April 11, 2017

In Case You Missed It: A Look at Recent National Housing Policy News

New Data Outlines Housing Affordability Challenges

Two new data studies detailed the continued challenges in finding affordability options for homeowners and renters.
One in every four U.S. county housing markets were less affordable than their historic affordability averages during the first quarter of 2017, according to new research from ATTOM Data Solutions. In this research report, an affordability index below 100 means that the share of averages wages needed to buy a median-priced home is above the historic average for a given market.  ATTOM Data Solutions determined that the national affordability index in the first quarter was 103, down from 108 in the previous quarter and down from 119 a year ago to the lowest level since the fourth quarter of 2008. A total of 95 counties out of 379 counties analyzed for this research, or 25 percent, recorded an affordability index below 100 during the first quarter—the highest share of markets below the normal affordability index of 100 since the fourth quarter of 2009. Separately, new research from Zillow has determined that rental affordability is worst in minority neighborhoods than in predominantly white communities. Nationally, renters in predominantly black neighborhoods can expect to spend 43.7 percent of their income on rent, according to Zillow, while renters in Hispanic communities can expect to spend 48.1 percent of their income on rent. In comparison, renters in predominantly white communities can expect to spend 30.7 percent of their income on rent.

FHFA Working Paper Examines Impact of Appraisals on First-Time Homebuyer Costs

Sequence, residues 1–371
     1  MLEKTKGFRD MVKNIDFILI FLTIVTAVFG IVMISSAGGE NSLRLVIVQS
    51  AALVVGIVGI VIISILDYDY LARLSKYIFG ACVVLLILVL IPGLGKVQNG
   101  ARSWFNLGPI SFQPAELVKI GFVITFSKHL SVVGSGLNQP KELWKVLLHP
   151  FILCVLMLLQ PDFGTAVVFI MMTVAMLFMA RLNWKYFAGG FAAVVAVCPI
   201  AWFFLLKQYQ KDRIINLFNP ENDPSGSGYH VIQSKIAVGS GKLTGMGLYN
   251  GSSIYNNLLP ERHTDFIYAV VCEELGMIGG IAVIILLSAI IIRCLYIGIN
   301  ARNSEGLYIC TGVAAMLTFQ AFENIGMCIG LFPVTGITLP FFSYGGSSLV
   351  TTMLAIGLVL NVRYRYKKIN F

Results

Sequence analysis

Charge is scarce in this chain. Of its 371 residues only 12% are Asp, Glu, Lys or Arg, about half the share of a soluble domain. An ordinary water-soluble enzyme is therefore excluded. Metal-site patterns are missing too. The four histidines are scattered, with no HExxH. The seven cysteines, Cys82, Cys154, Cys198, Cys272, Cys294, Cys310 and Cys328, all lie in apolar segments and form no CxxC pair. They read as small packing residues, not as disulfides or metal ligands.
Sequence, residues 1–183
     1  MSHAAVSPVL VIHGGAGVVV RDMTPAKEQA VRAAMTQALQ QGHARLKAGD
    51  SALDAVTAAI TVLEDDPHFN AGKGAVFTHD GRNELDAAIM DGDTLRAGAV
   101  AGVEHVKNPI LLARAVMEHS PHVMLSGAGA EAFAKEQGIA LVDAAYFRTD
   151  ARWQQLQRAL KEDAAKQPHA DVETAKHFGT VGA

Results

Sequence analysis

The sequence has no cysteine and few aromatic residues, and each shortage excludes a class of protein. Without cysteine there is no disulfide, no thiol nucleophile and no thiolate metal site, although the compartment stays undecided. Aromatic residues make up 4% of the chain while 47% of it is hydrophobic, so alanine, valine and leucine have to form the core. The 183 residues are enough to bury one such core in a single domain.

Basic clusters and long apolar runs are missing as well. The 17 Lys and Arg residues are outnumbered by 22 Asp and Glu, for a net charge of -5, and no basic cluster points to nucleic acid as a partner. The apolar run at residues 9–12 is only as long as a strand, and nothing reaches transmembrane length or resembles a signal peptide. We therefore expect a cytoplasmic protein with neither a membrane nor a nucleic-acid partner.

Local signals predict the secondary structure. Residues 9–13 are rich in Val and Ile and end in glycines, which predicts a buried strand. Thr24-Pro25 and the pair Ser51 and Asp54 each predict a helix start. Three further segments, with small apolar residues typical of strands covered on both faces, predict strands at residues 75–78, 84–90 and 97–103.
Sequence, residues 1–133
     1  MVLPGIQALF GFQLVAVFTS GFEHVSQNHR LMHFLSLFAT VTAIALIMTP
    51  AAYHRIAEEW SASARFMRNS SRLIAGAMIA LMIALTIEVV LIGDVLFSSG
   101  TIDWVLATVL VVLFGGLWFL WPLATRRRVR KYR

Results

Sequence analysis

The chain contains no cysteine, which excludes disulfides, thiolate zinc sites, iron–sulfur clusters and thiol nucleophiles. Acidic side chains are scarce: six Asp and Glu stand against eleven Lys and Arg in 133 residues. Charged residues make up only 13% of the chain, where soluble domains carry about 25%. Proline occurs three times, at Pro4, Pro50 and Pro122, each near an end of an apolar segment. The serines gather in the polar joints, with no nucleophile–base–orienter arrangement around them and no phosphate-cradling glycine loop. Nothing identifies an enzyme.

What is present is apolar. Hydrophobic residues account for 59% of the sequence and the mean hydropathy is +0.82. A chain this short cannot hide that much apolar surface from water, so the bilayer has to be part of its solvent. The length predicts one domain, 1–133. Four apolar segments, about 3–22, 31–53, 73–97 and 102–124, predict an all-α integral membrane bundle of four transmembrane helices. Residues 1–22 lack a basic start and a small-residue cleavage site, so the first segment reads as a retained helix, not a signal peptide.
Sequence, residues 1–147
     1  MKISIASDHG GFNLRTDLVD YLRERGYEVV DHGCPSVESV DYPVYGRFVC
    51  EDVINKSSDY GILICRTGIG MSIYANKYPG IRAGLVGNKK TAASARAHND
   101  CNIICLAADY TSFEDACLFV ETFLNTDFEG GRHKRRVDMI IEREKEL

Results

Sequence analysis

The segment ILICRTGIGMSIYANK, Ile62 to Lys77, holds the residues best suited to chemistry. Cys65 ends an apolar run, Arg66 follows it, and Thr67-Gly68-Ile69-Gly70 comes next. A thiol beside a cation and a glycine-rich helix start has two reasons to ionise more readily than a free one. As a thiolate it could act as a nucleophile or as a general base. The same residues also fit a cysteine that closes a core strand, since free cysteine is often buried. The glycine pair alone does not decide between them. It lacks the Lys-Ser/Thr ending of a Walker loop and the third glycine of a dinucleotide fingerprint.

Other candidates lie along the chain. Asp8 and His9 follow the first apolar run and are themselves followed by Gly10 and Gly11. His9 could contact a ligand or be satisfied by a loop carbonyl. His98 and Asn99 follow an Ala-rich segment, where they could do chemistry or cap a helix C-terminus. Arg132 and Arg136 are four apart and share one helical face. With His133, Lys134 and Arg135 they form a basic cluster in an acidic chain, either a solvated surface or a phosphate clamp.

The Federal Housing Finance Agency (FHFA) recently released a working paper examining whether first-time home buyers "overpay" for their homes compared to repeat buyers and whether such overpayments correlate with errors in the appraisal process. The paper is a preliminary report designed to stimulate further discussion and does not take an official position of behalf of FHFA. The paper was written by Jessica Shui and Shriya Murthy from FHFA's Office of Policy Analysis & Research.  The report analyzes data on over 1.5 million Fannie Mae and Freddie Mac loans to test three assumptions: 1) first-time home buyers generally purchase homes with "less-desirable attributes" than repeat buyers; 2) first-time home buyers, on average, pay more for similar homes than repeat buyers; and 3) because first-time home buyers are less experienced than repeat buyers, their propensity to overpay is more likely to be impacted by errors in the home's appraisal.

Bills to Regulate PACE Loans Introduced in House and Senate

Lawmakers in both chambers of Congress recently introduced companion bills that would subject Property Assessed Clean Energy loans (PACE loans) to federal mortgage regulations.
Through PACE loans, state and local governments provide homeowners with up to 20-year loans to finance energy efficiency home improvements, secured by tax liens attached to the property. In the event that the property is sold before the PACE loan is paid in full, the loan may transfer to the next owner of the property. Critics have claimed that many PACE lenders do not adequately underwrite the loans to ensure that homeowners can repay them and often neglect to fully explain the loans' terms to consumers.

Bill to Classify Muni Bonds as High-Quality Liquid Assets Introduced in the Senate
Senators Mark Warner (D-VA) and Mike Rounds (R-SD) recently introduced legislation that would allow large banks to count some of their municipal bond investments, including tax-exempt housing bonds, as high-quality liquid assets (HQLAs) under federal bank liquidity standards. The legislation, which has not yet been assigned a bill number, is expected to be referred to the Senate Banking Committee. The Warner/Rounds bill is nearly identical to a bill (The Municipal Finance Support Act of 2017, or H.R. 1624), that was introduced last week in the House of Representatives by Luke Messer (R-IN). NCSHA previously summarized H.R. 1624, and how it would impact tax-exempt housing bonds.

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